Dick and Dom


Bob Golding, Ian Kirkby, Leigh Gill


CBBC, 21 September to 24 December 2012 (9 episodes + 1 compilation in 1 series)


Ten years after the seminal Bungalow, Dick and Dom proved that they hadn't fully grown up with the circus-themed Hoopla.

Bogies? Nay, babies!

Broadcast at 6pm on Fridays, Hoopla didn't pretend to be educational or informative, it was a pure entertainment programme. The ostensible setting was a travelling Victorian circus, coming from such tourist traps as Whoopy-dooe. Featured in the hour were magic tricks, contortionists, and musical performances. Slotted around these attractions was a series of games, leading up to a final.

Dodge the hand of cackamanga.
  • The Strongman Challenge, in which a young contender tried to beat Richard at various gym tests - squat thrusts, star jumps, that sort of thing.
  • The Hand of Cackamanga, a game on the dodgems where players tried to avoid the green slimy hand. There's nothing like a nod to Takeshi's Castle, is there. This round was described in song, for obvious reasons.
  • Domball, another dodgem game, with a car containing Dominic used as a puck in a game of ice hockey.
  • Gipsy Rose Dick, where two contenders eat various yucky foodstuffs, and the same quantity is put into a blender for their opponent to drink.
  • Celebrity Darts, in which players would attempt to hit images of celebrities - success would have the celeb ask a question about herself for further points.
  • Kiss or Punch, blindfolded children would be given clues to cardboard cutouts of famous people and asked to kiss or punch them.
Eve hits Gary Barlow in the peeper.

Each challenge winner would be congratulated on their achievement, presented with a golden hoop, and then invited to hula with it for twenty seconds. Eighteen of these seconds would be the winner pretending to hula, the hoop having fallen to the floor. Then they would be escorted off by the show's resident clowns.

The four winners then went on to the Finaleval, where they could win the Golden Hoopla Trophy and other prizes money just can't buy. There, they'd have half-a-minute to brush their teeth and create a large amount of foam around their mush - whoever was adjudged the worst by fairground owner Mike Poo and his judging panel would be dispatched from the stage to ride The Lion With No Pride.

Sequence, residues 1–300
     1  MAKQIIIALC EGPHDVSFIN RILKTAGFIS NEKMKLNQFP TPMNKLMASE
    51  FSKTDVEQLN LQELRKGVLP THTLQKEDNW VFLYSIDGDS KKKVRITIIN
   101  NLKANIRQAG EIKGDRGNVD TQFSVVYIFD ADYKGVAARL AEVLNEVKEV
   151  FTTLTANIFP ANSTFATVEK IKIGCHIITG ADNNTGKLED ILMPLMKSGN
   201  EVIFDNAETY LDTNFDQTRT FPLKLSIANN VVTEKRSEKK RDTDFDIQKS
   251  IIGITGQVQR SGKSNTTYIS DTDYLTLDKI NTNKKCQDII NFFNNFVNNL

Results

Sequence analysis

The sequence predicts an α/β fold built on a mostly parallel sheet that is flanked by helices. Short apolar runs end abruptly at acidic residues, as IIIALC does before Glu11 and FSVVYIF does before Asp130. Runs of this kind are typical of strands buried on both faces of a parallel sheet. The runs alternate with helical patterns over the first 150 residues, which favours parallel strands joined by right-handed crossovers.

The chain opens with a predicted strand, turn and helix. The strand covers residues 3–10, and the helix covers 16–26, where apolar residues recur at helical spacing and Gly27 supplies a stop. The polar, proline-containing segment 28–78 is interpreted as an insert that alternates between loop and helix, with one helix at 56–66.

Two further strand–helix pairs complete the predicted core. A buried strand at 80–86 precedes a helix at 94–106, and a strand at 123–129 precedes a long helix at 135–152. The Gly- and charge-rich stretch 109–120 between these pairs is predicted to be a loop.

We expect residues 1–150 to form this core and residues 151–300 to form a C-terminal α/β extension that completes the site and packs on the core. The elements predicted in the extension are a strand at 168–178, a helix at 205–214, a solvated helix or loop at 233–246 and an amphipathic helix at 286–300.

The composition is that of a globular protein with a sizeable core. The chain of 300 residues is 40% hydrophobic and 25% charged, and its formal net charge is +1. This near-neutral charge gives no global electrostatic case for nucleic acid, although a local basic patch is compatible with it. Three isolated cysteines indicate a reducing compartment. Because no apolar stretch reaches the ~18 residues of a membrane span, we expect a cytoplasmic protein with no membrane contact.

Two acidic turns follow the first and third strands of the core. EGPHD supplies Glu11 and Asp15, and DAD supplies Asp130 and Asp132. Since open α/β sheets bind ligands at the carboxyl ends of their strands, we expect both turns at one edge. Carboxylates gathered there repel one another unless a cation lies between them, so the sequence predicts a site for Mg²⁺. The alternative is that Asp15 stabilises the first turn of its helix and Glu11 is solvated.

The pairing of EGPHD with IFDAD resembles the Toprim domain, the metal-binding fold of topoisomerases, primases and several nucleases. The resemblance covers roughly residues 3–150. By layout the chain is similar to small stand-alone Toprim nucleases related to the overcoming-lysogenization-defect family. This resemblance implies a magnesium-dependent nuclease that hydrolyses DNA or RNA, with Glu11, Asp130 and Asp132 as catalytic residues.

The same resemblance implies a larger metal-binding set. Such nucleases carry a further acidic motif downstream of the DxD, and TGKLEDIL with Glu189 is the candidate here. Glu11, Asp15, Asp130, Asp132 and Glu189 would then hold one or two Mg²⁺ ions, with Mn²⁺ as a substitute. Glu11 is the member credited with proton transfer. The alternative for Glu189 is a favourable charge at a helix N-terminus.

Riding The Lion With No Pride.

The three remaining contestants play "I am the best in the world", showing how good they are at opera singing, or being a cackly witch. Three rounds of young people embarrassing themselves, someone's off to ride The Lion With No Pride. (A joke that carries at least three meanings? Genius!)

The best in the world at... drawing stubble with a make-up pencil.

The final challenge was set with eight bins. In seven of the bins were life-changing prizes, like a balloon, or a plastic ruler, or an egg-box. In one of the bins was Cyril, a small and vicious clown. When he was found, he would come out and beat up the contestant. Whichever contender isn't beaten by a small and vicious clown is the winner.

"Whichever contender isn't beaten by a small and vicious clown is the winner." Sentences that only make sense in Dick and Dom land.

The winner walks off with this distinguished trophy.

There's always been a slight air of menace around fairgrounds. It's not just that, in their make-up, clowns are creepy and scary and quite clearly not like the rest of us - a trope exploited by this show, which had the clowns talk in a language completely unintelligable to the rest of us.

The resident clowns.

Not just the clowns, but the whole place is full of people doing disconcerting and slightly frightening gymnastics. The production captured that uneasy feeling - one commentator saw parallels with "The League of Gentlemen", and we can see where they're coming from. Hoopla had its dark side, and wasn't afraid to use it.

But it would be wrong to say that this was a dark programme. Dick 'n' Dom's slapstick and zest for entertainment ensured the show was close to its distant ancestor Crackerjack - games and performances leading up to a big bang finale. And it felt like anarchy was always just around the corner - Gipsy Rose Dick channeled Monty Python, hollering, "Get it down ya! People are going to turn over to Coronation Street in a moment!" Almost every week, some child would act up and run amock around the hosts. Television commentator Caitlin Moran was a particular fan, telling readers of The Times how "It has Tiswas DNA in it. People of a certain age will feel nostalgia."

Dom handles a disruptive child.

In summary: it's complex stuff, and it's more than just entertainment, and it's damned fine entertainment. Go Cyril yourself.



"Cards, cards, will make a brew. When they see it, they will spew!"

"You've just punched Ant and Dec!"

"In the game you're about to see, no men, women, children, clowns, or ferrets were harmed. Not even a teeny bit. Enjoy!"

"Which bin isn't Cyril in?"


Theme music

Andy Blythe and Marten Joustra


Filmed in a warehouse dressed as a large circus tent at Dingles Fairground Heritage Centre in Devon.

Broadcasting regulator OFCOM took exception to the "Gypsy Rose Dick" item, when it appeared a child competitor had been made uncomfortable by the concoction.

Hoopla was repeated in spring 2013, with the hour-long programmes condensed to a half-hour show, usually with some of the games excised. This may be related to the item above.

Web links

BBC programme page

Hoopla game at CBBC, and a BBC Internet Blog entry on the making of the Hoopla game.


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